SeaWorld Orlando is doing it again — promising to thrill its visitors with the tallest drop on yet another new ride. This time it is Infinity Falls, a water rapids ride scheduled to open in time for the Summer 2018 season.
“Infinity Falls is an adventure that feels like you are on Class IV river rapids. It’s the world’s tallest drop on a river rafting ride set in an exotic jungle setting and the chance for our guests to play the roles of scientists and explorers to help this fragile ecosystem right here at our park in Orlando and have an immediate impact on freshwater ecosystems globally,” said Brian Morrow, vice president of theme park design experience.
SeaWorld has created the 40-foot drop at the end of the Infinity Falls ride with the use of a unique elevator lift for each eight-person ride vehicle. Still, this is a family-friendly ride that is open to anyone at least 42 inches tall.
“But it’s more than just a ride,” Morrow said. “We have characters and animals that live in these fragile [freshwater] environments on the river shore like sloths, reptiles, birds, etc. Those guys will all be here as well and they’ll all be part of a very important story to share as well about the fragility of this environment and how we can make a difference. Infinity Falls represents the next generation of experiences that matter for the organization and for this park as we develop brand-new ways for our guests to turn “play with purpose” into direct and immediate impact on ecosystems around the planet.”
Infinity Falls will be located in the Sea Garden area of SeaWorld Orlando, adding four different levels of topography to the landscape, Morrow said. He said that there is a big demand for water rides, especially in Orlando, and SeaWorld only has one, Journey to Atlantis. Expect to see construction walls go up next week and work to begin.
Meanwhile, the theme park is preparing to open two new experiences soon for the Summer 2017 vacation season. On May 26, a new show — “Pop” starring world record holder and bubble master Fan Yang — debuts in the Nautilus Theater.
“It is a show inspired by our natural world, a show inspired by the bubbles we find in the natural ocean — the bubbles we find in the froth and the foam at the shore, the bubbles a penguin can leave behind as it is diving through the water, the bubbles that dolphins and beluga whales actually blow, and even shapes like jellyfish and deep sea creatures,” said SeaWorld’s Steve Welch. “Those things were inspirational for us, and they are core and crucial to make this show a SeaWorld experience.”
The star of the one-man show, Yang, was asked how he became interested in bubbles. “When I was a little boy, I was fascinated watching bubbles forming at the base of the river. It was actually created by a small waterfall and the vortex. I was always thinking, how can I make bubbles big. And then I started to mix various solutions and tried to come up with the perfect blend of the formula to make it last longer to be big enough to do different things. I never thought I would bring this kind of media to stages around the world. It has taken me about 35 years to have the show like today. The show is incorporating science, art and entertainment all together for audiences of all ages.”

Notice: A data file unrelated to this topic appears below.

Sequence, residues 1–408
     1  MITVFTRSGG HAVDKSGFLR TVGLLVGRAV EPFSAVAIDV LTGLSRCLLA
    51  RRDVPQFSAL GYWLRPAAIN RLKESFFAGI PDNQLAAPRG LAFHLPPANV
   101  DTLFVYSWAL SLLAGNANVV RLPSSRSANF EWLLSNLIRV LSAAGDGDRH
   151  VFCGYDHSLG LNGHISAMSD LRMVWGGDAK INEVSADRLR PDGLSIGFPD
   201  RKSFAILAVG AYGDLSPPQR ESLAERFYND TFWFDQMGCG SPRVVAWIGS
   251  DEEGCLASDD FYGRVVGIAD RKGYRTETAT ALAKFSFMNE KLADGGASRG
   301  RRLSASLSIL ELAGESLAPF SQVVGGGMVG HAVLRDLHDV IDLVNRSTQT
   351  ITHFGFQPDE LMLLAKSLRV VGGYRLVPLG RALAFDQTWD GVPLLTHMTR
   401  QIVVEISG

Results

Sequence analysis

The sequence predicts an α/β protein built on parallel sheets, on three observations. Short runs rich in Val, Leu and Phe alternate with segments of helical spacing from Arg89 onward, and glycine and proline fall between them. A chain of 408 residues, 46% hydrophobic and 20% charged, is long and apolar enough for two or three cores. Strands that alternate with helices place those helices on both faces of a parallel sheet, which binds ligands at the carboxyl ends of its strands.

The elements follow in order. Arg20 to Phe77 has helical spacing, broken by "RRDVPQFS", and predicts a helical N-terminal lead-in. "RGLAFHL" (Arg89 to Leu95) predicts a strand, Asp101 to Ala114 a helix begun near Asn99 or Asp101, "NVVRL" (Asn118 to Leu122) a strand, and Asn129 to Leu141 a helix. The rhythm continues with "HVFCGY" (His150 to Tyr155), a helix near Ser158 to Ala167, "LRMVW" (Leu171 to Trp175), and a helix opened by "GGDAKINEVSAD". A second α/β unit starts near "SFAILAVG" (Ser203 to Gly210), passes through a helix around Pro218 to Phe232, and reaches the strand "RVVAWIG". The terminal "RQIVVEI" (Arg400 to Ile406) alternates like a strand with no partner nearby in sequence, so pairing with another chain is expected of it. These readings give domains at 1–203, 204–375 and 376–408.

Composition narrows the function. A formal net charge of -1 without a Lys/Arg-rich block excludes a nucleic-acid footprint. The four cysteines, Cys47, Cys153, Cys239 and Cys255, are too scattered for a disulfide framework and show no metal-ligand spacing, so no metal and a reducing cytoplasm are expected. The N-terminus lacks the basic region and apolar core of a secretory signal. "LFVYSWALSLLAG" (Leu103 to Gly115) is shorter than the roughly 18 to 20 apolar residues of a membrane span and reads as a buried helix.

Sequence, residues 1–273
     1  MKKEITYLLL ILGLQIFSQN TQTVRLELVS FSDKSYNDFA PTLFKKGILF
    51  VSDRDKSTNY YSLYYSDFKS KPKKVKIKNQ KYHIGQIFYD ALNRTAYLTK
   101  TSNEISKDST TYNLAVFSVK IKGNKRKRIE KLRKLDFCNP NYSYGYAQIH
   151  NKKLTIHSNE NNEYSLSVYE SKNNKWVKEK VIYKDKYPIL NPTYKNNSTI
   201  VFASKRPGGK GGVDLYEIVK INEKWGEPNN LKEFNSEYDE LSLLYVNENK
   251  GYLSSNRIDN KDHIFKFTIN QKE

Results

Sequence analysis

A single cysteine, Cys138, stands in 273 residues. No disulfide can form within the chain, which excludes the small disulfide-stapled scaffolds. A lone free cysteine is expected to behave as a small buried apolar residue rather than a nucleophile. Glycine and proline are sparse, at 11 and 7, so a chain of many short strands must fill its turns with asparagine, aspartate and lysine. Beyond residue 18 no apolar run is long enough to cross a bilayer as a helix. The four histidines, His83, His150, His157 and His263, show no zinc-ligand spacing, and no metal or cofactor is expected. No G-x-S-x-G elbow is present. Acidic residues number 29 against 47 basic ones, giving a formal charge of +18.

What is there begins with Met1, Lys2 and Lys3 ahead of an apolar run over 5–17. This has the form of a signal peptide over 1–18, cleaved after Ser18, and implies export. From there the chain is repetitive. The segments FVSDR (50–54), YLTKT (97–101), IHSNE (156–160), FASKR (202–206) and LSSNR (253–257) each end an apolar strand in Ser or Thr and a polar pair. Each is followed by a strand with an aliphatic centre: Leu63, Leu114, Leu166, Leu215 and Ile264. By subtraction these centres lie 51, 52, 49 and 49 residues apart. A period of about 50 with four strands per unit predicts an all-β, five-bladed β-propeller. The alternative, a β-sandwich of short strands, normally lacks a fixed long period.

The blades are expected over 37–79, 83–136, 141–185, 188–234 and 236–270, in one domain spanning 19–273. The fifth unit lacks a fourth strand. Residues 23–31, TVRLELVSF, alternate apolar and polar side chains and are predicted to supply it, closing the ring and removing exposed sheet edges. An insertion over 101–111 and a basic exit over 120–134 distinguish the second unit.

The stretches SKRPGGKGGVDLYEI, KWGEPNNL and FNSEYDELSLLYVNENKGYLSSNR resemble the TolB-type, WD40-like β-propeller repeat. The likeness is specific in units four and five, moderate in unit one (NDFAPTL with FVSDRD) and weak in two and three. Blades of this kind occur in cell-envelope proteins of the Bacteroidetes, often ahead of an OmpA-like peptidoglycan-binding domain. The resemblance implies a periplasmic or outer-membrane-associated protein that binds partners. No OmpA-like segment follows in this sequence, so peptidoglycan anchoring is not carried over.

Yang’s bubble artistry will be set to a majestic score created by Grammy award-winning producer Dan Rudin that will be heard on a brand-new sound system in Nautilus Theater and a laser light show that will highlight the beauty of the bubbles. Video screens on either side of the stage will enable all guests to see “Pop.”
Finally, the Kraken roller coaster will debut with its Virtual Reality overlay on June 16. It closes on Monday for employees to prepare for the new experience.
“It’s going to take you into a new story told by SeaWorld of legendary sea creatures and exotic underwater environments like you’ve never seen before,” Morrow said. “When you put your headset on, you’re going to be in Sea Base. Our coaster station will be transformed into this environment digitally — 3D, 360 stereoscopic-sound-involving conversion experience. Once you leave the sea base, you dive into the ocean and we found there is seismic activity taking place. And we go take a look. We get sucked into a glowing crack and into a world we could not have imagined. … This is an action-packed cinematic coaster experience we are delivering.”
Guests can choose to ride Kraken Unleashed (the Virtual Reality experience) simply by putting on a headset, or they can ride the Kraken coaster as is.
“I know the ride well, but after the first two elements, you lose track of where you are, so it instantly changes it from the coaster you knew to a very different experience [with the headset],” Morrow said.
He also hinted that the reopening of the coaster will come with a new system of helping visitors manage wait times, which he said can be longer for more immersive experiences.